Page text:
The Top End’s Aboriginal heritage watchdog will probe alleged damage to a sacred site during mining exploration amid heated legal action between a gas company, cattle barons and an activist native title group.
On Thursday Tamboran Resources confirmed it had not stopped approved civil works at Rallen Australia’s Tanumbirini Cattle Station in the Beetaloo Basin, despite claims to the contrary from opponents.
It comes after Nurrdalinji Native Title Aboriginal Corporation on Tuesday alleged Sweetpea Petroleum, a subsidiary of Tamboran, had damaged a culturally significant songline at Newcastle Creek while building a track.
The Aboriginal Areas Protection Authority has arranged to conduct a compliance audit at Tanumbirini on July 5.
An AAPA spokesperson confirmed they had issued an order to protect sacred sites at Tanumbirini Station, which remained in force.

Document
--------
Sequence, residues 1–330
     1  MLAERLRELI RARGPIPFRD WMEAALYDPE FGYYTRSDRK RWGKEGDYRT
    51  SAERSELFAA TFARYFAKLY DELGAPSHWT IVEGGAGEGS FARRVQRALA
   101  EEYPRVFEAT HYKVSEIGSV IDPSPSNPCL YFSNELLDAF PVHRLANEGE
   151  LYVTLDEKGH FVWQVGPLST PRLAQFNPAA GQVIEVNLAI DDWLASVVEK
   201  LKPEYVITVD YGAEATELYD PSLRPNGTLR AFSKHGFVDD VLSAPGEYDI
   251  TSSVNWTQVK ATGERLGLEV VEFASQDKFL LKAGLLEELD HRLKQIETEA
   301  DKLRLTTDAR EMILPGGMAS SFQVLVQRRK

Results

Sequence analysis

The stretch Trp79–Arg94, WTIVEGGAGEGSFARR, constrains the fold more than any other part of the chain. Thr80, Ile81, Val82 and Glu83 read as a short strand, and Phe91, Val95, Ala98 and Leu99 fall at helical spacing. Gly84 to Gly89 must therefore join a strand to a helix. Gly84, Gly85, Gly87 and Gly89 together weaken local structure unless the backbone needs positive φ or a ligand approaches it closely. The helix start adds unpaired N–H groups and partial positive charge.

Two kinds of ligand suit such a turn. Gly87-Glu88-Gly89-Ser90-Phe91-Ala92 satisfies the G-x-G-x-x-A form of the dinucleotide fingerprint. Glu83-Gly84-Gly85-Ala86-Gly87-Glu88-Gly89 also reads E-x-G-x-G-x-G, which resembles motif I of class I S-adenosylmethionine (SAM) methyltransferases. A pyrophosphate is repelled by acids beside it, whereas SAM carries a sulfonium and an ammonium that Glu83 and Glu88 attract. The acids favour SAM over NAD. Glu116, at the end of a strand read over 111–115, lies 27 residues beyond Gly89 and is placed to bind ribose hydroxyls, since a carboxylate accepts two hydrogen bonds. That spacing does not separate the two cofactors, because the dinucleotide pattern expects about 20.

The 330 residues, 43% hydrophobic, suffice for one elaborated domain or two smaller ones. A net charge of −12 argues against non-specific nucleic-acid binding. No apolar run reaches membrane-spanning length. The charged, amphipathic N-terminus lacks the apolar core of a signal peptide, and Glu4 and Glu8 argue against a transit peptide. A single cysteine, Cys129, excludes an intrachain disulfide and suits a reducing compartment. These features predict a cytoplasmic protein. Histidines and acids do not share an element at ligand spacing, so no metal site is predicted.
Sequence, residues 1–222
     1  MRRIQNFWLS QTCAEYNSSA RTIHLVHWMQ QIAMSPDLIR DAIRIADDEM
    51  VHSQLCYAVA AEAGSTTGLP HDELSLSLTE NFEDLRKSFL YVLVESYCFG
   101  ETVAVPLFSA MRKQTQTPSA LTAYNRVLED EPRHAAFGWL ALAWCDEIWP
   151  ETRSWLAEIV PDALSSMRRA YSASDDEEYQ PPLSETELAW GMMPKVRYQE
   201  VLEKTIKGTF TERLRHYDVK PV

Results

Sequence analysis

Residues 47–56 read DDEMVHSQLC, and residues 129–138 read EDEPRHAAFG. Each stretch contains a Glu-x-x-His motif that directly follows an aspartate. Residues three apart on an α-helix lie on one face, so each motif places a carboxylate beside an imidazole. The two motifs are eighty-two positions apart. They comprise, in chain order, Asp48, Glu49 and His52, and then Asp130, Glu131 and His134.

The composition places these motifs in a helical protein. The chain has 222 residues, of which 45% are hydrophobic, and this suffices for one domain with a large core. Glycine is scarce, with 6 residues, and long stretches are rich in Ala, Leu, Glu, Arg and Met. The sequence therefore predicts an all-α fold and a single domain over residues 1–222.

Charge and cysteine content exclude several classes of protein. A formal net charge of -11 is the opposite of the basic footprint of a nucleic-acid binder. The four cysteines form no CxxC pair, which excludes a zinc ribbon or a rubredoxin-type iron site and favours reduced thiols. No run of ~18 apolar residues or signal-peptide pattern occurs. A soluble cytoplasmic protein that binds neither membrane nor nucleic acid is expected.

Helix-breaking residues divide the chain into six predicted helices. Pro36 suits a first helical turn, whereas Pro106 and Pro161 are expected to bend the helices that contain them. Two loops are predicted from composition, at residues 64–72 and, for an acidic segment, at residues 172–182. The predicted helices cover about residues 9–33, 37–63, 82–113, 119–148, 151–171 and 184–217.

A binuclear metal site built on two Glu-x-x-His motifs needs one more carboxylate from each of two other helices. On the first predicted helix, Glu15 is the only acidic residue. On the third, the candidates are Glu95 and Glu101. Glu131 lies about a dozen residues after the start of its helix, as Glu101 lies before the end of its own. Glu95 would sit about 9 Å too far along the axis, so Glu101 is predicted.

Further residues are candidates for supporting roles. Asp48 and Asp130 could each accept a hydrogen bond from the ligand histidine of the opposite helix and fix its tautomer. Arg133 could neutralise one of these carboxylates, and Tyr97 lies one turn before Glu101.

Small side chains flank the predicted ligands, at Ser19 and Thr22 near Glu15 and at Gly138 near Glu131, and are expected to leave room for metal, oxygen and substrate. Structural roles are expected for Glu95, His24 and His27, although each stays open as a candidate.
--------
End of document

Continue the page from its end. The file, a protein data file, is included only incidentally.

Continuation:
“Authority certificates set out the conditions under which proposed work near sacred sites may be carried out,” she said.
“Failure to comply with the conditions set out in an authority certificate is an offence under the Sacred Sites Act.”
Nurrdalinji wrote to Tamboran, the AAPA and the Northern Land Council this week expressing concern.
Nurrdalinji chair Johnny Wilson said damage to the creek showed a lack of respect.
“We ask Sweetpea to stop further work so we can meet and discuss the consequences of what has happened, together with custodians, the Aboriginal Areas Protection Authority and the Northern Land Council,” he said.
Read full story here.